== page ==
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COLD FEET: Birds take to the ice as winter makes its appearance at Yellowstone National Park. / Photo by Nancy Williams

Today's word on journalism

Monday, November 5, 2007

On Objectivity:

"I still insist that 'objective journalism' is a contradiction in terms. But I want to draw a very hard line between the inevitable reality of 'subjective journalism' and the idea that any honestly subjective journalist might feel free to estimate a crowd at a rally for some candidates the journalist happens to like personally at 2,000 instead of 612 -- or to imply that a candidate the journalist views with gross contempt, personally, is a less effective campaigner than he actually is."

-- Hunter S. Thompson, from Fear & Loathing: CORRECTIONS, RETRACTIONS, APOLOGIES, COP-OUTS, ETC., a 1972 memo to Rolling Stone editor Jann S. Wenner, excerpted in the current (November 2007) issue of Harper’s Magazine (Thanks to alert WORDster Andy Merton)

SPRINGTIME PREP: Now is the time to plant and prepare for healthy gardens in the spring. / Photo courtesy of

Dreaming of a beautiful spring garden? Plant bulbs now

By Katie Wall

October 15, 2007 | The vibrant and rich colors of orange, red and yellow come alive as fall arrives here in Cache Valley. Winter is coming quicker than we know and then it will be time for spring planting. Wait! Fall is a season for planting too! Planting isn't only for the spring time. Now is the perfect time to ensure your yard to have bright gorgeous daffodils, tulips, and other early bloomers for spring.

Craig Aston, a professor at Utah State University, has been teaching in the Plant, Soils, and Biometeorology Department for 23 years. Aston said it's a common misconception thinking spring is the only and best time for planting. He indicates fall is actually the best time to plant trees, shrubs and spring bulbs.

Bulbs do not take up very much space and can add so much color to your yard. Start planting bulbs right now before it freezes. Bulbs need to take in as much liquid as possible during the winter to store energy for those spring blossoms. By the end of the long winter season that we Loganites often endure, we are anxiously waiting for warmer temperatures and what better way to guarantee a beautiful early spring than planting those bulbs now.

Aston said different areas of the world are sectioned off by zones that are determined by how cold it gets in that particular area and Cache Valley is classified in zone four.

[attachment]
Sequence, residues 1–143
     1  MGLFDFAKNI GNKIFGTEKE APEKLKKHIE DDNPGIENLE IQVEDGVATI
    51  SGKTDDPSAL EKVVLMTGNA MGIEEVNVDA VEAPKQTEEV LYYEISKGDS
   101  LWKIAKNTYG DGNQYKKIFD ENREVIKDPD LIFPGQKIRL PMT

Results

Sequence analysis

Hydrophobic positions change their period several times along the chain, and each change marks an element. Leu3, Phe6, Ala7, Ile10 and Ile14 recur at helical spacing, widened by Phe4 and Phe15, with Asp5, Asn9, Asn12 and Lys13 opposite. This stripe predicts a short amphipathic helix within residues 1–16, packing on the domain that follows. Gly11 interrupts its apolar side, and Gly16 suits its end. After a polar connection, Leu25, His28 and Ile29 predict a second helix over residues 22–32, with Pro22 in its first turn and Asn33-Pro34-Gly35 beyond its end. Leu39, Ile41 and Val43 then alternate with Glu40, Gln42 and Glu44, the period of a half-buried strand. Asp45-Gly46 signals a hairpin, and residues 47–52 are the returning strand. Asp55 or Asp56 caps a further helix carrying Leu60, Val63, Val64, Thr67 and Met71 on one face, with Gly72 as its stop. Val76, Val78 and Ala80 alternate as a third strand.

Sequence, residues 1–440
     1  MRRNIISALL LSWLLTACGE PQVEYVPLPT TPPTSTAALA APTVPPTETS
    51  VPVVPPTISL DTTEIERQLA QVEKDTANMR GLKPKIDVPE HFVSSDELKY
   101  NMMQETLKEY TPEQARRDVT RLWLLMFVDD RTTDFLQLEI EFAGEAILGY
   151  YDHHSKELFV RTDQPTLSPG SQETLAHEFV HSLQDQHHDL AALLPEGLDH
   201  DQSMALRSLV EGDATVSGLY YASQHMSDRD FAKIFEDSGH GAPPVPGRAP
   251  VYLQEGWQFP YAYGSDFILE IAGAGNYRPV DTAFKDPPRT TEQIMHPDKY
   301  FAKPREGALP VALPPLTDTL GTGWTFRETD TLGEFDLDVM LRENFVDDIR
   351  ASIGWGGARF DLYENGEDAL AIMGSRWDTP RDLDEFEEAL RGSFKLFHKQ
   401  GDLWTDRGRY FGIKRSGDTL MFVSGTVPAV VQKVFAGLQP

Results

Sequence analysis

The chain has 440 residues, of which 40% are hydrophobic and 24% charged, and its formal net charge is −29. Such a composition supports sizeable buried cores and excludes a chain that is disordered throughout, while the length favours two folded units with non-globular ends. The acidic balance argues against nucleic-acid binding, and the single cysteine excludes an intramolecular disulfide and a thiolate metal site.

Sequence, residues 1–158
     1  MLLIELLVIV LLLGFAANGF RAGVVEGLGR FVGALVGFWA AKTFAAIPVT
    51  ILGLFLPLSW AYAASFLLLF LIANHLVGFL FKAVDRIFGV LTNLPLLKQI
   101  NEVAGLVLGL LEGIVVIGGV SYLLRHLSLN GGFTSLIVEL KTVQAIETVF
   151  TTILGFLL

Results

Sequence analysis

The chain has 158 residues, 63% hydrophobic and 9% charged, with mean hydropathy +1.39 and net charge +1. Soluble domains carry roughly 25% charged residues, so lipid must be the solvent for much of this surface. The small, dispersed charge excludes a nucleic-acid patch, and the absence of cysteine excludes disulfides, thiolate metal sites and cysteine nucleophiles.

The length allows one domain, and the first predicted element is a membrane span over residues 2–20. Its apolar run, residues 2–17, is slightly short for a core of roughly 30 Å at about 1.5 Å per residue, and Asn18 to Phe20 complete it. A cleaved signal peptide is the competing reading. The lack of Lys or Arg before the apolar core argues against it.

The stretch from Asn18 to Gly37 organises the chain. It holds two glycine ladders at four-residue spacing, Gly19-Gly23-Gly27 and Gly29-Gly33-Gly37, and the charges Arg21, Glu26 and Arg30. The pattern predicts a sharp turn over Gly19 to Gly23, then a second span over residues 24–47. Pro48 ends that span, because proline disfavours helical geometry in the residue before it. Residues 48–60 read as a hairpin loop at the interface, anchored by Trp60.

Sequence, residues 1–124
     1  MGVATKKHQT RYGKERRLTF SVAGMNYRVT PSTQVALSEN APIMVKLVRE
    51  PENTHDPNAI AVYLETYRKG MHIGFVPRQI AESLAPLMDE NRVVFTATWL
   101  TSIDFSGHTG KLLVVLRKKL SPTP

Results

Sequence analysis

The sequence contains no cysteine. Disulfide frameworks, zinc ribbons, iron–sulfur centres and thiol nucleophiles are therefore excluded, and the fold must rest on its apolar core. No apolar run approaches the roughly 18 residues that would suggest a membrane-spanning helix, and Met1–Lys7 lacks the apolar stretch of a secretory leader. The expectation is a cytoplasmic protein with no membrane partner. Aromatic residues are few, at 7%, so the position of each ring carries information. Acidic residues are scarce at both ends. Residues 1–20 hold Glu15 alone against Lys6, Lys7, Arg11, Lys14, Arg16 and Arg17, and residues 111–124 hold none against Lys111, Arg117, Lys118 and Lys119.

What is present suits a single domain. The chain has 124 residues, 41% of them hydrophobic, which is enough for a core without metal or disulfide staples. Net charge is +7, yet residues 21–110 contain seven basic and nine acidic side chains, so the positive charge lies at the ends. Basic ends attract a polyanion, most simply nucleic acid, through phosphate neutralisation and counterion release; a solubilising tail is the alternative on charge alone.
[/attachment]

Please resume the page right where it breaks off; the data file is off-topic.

Joseph Davenport, an employee at Tony's Grove nursery said, "The lower the number the colder the climate." Davenport also said it is possible to plant different zones here in Cache Valley if one strategically places the plant or tree where it will be somewhat protected from the cold weather. A good example of this is the Japanese maple trees by Old Main. Japanese maple trees are actually for zone five or six but are able to stay alive from the protection of the surrounding buildings.

Out of all the bulbs, crocuses bloom the earliest. Bulbs usually stay in bloom for two weeks or until they have been pollinated, said Davenport. Tulips and daffodils are more popular and most commonly bloom a couple of weeks after crocuses. Davenport also said there are variations of bulbs that are classified as early, mid and late spring bulbs.

Davenport said the average price of a single bulb is just under a dollar. "If you are paying more than a dollar for a single bulb, you are paying too much," he said.

Aston suggests the depth of the bulb should be planted four times the size of the bulb. Planting the bulb so deep is important to allow their roots to spread and soak up moisture as well as allowing room for other perennials to be planted on top of them.

Another tip from Aston is he likes to plant his tulips in what he describes "islands of color." Aston does this so they don't become too overcrowded with the regular spring flowers. The larger bulb the better blossom you will usually get, says Davenport. After the blossoms have fallen and the leaves start to turn yellow or brown, it is safe to cut off the old stems at ground level to remain dormant until the fall season where they begin to obtain energy and nutrients for the following spring season, he said.

Another great aspect to fall planting is most stores have their trees, shrubs and plants on sale because their big season is coming to an end. Tony's Grove has many plants and trees on sale right now. To obtain more information and a great garden plan for fall bulb planting visit this site: Planting Bulbs .

Aston also owns a landscaping business that gives horticulture students great opportunities for experience and internships. Last year's famous Extreme Makeover Home Edition came to Logan and his business did all the landscaping for the house.

Snow has already dusted the mountain peaks and let's face it, fall is here and it is time for planting. Don't put away those gardening gloves and tools just yet. There is still time to get down and dirty.


Copyright 1997-2007 Utah State University Department of Journalism & Communication, Logan UT 84322, (435) 797-3292
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